People are just now discovering that hot water bottles have an expiry date and can be quite dangerous if the rubber is old.
During the winter months, many of us rely on hot water bottles and electric blankets in order to keep warm at night. While hot water bottles are safe when used properly, they do have expiration dates that need to be closely followed. But how can you check that your hot water bottle is in date? Here is everything you need to know.
How to check your hot water bottles expiry date
People have discovered the meaning behind the flower symbol on their hot water bottles. The symbol indicates the expiration date of the hot water bottle and how long you should wait until you throw your bottle out.
On every hot water bottle, there should be a circular flower shape with twelve petals. The number in the center of the flower shape indicates the year that it was made ie: 20 means 2020, 19, means 2019, etc.
The petals also show the month that the hot water bottle was made. The four bumps show each week of the month, so users can see exactly when their bottle was made. For example, just four bumps on the first petal would indicate that the bottle was made on the fourth week of January. Two bumps on the tenth petal on the flower would suggest that the bottle was made on the second week of October.
On TikTok some users have shared their finding and explained to others how they can check their own bottles.
How long do hot water bottles last?
Typically hot water bottles last around three years before the rubber perishes. Some bottles may last longer or shorter depending on the thickness of the rubber and the quality of the product and some doctors recommend using a hot water bottle for just two years before replacing it.
The best idea is to check your specific hot water bottle's expiration date and make a note to throw it away once that date is reached.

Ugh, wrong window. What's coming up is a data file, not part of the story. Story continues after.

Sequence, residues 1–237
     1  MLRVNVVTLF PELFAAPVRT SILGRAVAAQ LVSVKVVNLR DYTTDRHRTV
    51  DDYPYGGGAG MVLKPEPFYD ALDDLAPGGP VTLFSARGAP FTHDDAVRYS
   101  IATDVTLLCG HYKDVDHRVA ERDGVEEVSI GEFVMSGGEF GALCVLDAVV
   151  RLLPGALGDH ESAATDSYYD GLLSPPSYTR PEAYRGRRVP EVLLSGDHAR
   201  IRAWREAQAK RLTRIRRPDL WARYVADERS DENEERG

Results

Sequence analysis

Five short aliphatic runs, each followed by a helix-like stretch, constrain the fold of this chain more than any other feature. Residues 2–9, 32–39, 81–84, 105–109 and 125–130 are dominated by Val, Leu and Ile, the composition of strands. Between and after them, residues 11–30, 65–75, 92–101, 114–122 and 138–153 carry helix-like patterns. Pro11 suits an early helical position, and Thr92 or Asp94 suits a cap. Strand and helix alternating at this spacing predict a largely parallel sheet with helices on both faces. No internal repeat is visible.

What are the dangers of using an expired hot water bottle?
As the water inside a hot water bottle is boiling, the major concern to users' health is burning their skin. Speaking to woman&home, Dr. Deborah Lee from Dr Fox Pharmacy explained the dangers of using an expired hot water bottle.
"It's imperative people do all they can to avoid burns and scalds from hot water bottles. Hot water on the skin can cause first, second and third-degree burns. The skin of the groin and legs is often affected. These injuries are very painful, can blister, and may need hospital admission," said Dr. Lee.
The expert added that burns can also lead to infection and other serious issues. "Burns are at high risk of secondary infection and can cause sepsis, which is life-threatening. They can result in nerve and muscle damage, affecting the ability to walk. Severe burns may require skin grafting," she said.
Dr. Lee even warned that prolonged exposure can lead to skin cancer in extreme cases. "Prolonged use of a hot water bottle on the skin can cause a rash known as erythema ab igne – characterized by redness, hyperpigmentation, and scarring at the site of the heat. Excessive heat directly on the skin has harmful consequences. In the long term, this can increase the risk of skin cancer," she said.
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Laura is a news writer for woman&home who primarily covers entertainment and celebrity news. Laura dabbles in lifestyle, royal, beauty, and fashion news, and loves to cover anything and everything to do with television and film. She is also passionate about feminism and equality and loves writing about gender issues and feminist literature.
Laura loves drinking and eating and can often be found trying to get reservations at London's trendiest restaurants. When she's not wining and dining, Laura can also be found travelling, baking, and hiking with her dog.
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